The British Government is to take part in a major conference aimed at halting the trade in poached ivory and animal parts from Africa. For the first time China has agreed to send a senior minister along. VoR's Tim Ecott spoke to Phil Mansbridge, chief executive of Care for the Wild International.
The actor Jackie Chan and the basketball star Yao Ming will be there as well as several African heads of State. Last year around 22, 000 elephants were killed illegal and in South Africa alone more than 1,000 rhinos died. The market for their horns and tusks is China.
Phil Care said: “We saw China at the beginning of this year burn 6.1 tonnes of their ivory stockpile and that’s something nobody would have expected this time last year, for example. There’s also the news today that China will be sending senior delegates to the illegal wildlife trade summit, and again that’s something which probably people were sceptical was going to happen. And what we’re saying is, we’re not protesting against China. What we’re saying is: China, help us save the elephants. It’s something that will send a clear message to the rest of the world and for once China would be leading by example on these environmental issues, rather than always being the bad guy.
“[The situation in Africa] is serious beyond all level. I mean, it’s the worst it’s ever been. It’s worse than it was in the peak in the late eighties. There’s such a growing economy in China. There’s a new and emerging middle class so there are more consumers who are going out in the market place to buy ivory.
"The rate of that growth is unsustainable and the rate of ivory consumption is completely unsustainable and we look set now to lose elephants in as little as 20 years. That translates to one every 15 minutes. So one elephant will be shot in the next 15 minutes.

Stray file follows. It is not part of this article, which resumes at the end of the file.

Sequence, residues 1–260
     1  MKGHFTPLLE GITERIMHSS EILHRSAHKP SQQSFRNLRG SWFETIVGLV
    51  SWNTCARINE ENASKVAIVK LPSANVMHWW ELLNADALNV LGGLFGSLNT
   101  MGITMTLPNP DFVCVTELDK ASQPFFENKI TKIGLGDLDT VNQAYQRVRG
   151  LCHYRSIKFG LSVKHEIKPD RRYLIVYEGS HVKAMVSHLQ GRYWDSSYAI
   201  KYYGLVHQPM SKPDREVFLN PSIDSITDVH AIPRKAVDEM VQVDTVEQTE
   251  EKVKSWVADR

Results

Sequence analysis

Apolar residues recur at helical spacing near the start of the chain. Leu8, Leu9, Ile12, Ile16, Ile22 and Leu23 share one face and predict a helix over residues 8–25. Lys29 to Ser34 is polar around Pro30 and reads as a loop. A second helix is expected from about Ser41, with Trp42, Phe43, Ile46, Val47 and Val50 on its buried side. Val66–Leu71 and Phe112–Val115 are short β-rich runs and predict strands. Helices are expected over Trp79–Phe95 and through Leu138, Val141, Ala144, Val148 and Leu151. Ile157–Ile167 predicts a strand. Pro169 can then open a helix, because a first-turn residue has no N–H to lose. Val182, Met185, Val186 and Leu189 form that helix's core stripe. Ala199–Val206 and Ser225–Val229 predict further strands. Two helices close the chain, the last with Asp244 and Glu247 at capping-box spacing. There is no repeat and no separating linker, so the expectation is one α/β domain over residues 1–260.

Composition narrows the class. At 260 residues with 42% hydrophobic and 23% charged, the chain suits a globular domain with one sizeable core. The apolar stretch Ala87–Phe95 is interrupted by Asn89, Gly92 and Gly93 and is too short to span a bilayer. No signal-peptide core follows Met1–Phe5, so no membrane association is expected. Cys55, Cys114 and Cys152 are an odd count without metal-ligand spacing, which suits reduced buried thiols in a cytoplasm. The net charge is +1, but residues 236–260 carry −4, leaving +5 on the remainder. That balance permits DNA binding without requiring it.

“South Africa is facing a real crisis as well at the moment, particularly with the rhinos. They lost over a thousand rhinos last year. That was or four rhinos a year being killed, so they’ve seen something like a 4,000 percent increase in rhino poaching.
“For the first time, there’s now a domestic ivory market in Africa and that was something that just wasn’t the case before. The vast majority is being exported but you do now have a Chinese population in Africa. We’re talking large numbers. Chinese communities are merging and with that comes a demand for their insatiable thirst for ivory.
"What it also does is it means there’s much more mobility of Chinese nationals in and out of Africa so the opportunities to smuggle become higher as well. And incidentally, just today, actually, news came from my source in Kenya that another Chinese citizen was arrested and was sentenced today and unfortunately their new wildlife bill was passed very recently and the man was sentenced to what was an unprecedented fine in Kenya, the first of its kind – actually 20 million Kenyan shillings, which equates to nearly £140,000. Prior to the new wildlife laws, you would have been lucky to get something like US$1,000." Audiofile.